Infectious diseases are caused by bacteria, viruses, fungi and parasites that enter the body and cause damage to our tissues. Antimicrobial resistance occurs when these infectious agents become resistant to the drugs that would normally kill them or inhibit their growth.
The World Health Organization (WHO) has identified antimicrobial resistance as one of the top ten global public health threats that has the potential to reverse the great advances of medicine in the last 100 years. The global problem of anti-microbial resistance is largely due to genetic changes that arise in bacteria as these organisms are exposed to antibiotics. This natural form of biological evolution has been accelerated by factors such as misuse of prescription antibiotics, poor adherence to dose and regimens, counterfeit or substandard antibiotic preparations in some countries, poor infection control and global trade and travel.
If antimicrobial resistance advances at its current pace, medicine will reach the point where we are no longer able to treat common bacterial infections. Research organisations, such as Hudson Institute, are joining the worldwide effort to prevent this from happening.
What causes antimicrobial resistance?
Why is antimicrobial resistance a problem?
What are the implications for treatment?
Diagnosis and treatment
How to combat antimicrobial resistance
Our antimicrobial resistance research
Hudson Institute researchers are at the forefront of the fight against antimicrobial resistance. Our researchers have a deep knowledge of bacterial growth dynamics and the diseases they cause, as well as human immune responses to infections, and how bacteria fight back. We are working to overcome antimicrobial resistance by studying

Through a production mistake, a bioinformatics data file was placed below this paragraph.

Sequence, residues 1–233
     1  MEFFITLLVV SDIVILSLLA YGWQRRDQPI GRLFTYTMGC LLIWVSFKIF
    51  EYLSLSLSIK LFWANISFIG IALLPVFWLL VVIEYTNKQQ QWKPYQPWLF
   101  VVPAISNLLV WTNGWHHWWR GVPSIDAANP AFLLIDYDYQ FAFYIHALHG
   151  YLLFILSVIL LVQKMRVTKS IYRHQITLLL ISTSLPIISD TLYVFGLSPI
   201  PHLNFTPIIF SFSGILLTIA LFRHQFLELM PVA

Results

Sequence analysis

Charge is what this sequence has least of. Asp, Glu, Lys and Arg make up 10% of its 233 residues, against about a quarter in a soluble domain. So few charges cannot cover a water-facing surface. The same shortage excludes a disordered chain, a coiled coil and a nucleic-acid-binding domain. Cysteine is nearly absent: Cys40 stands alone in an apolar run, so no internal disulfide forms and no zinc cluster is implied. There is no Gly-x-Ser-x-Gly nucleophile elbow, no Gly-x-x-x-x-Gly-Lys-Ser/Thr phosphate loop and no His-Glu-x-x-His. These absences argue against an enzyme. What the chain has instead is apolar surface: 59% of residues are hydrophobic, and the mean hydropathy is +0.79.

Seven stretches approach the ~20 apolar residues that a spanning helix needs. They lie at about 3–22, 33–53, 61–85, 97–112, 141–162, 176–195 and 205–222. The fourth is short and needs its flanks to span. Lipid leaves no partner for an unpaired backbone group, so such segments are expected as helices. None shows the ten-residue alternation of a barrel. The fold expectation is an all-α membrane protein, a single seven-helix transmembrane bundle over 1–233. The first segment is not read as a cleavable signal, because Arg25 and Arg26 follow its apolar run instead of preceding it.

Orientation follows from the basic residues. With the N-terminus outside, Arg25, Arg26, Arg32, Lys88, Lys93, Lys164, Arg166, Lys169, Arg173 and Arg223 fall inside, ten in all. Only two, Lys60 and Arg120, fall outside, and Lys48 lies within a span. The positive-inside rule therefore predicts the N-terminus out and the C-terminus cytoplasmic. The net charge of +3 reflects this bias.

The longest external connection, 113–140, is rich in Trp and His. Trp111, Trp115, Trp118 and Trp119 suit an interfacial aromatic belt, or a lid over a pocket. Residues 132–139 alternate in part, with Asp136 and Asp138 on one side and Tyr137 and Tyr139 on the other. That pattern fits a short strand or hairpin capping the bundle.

- How common illnesses, such as gastroenteritis and pneumonia are affected by antimicrobial resistance
- How antibiotic resistance spreads
- How bacteria infect cells so we can design drugs to block them
- How our immune system controls bacterial infection so that we can enhance it against drug resistant bacteria and viruses
- Ways to enable our microbiome (use link instead) to resist infection with pathogens
- Identify new compounds and pathways that can be used to target resistant bacteria.
High-tech drug screening against cell-invading bacteria
Molecular studies. New treatments. Repurposing drugs used to treat unrelated conditions is a new approach to treating multidrug resistant bacteria infections.
Led by Professor Elizabeth Hartland, this project uses high-throughput technology to screen drug samples against bacteria that replicate within human cells, including Salmonella Typhimurium and Legionella pneumophila.
Unlike traditional antibiotics that directly target bacteria, this work will identify compounds that boost protective responses in human cells or block human cell processes fundamental to bacterial growth.
Understanding a rapidly emerging type of multidrug resistant Salmonella
Multi-drug resistant Shigella
Antimicrobial resistance in the human microbiota (microorganisms)
New therapies to prevent or treat Helicobacter pylori infection
Antimicrobial resistance news
Uncovering the mechanism driving antimicrobial resistance
Mapping an emerging global health threat
Gut feeling leads to major NHMRC grant to investigate immunity
Babies’ gut bacteria affected by delivery method
NHMRC Investigator Grant success
NHMRC Project Grant success
See more news articles about Antimicrobial resistance
Antimicrobial resistance collaborators
- Microbiological Diagnostic Unit and Public Health Laboratories, Peter Doherty Institute for Infection and Immunity, University of Melbourne – Prof Deborah Williamson and Dr Danielle Ingle
- Victorian Centre for Functional Genomics, Peter MacCallum Cancer Centre – A/Professor Kaylene Simpson
- Wellcome Sanger Institute
- Cambridge University
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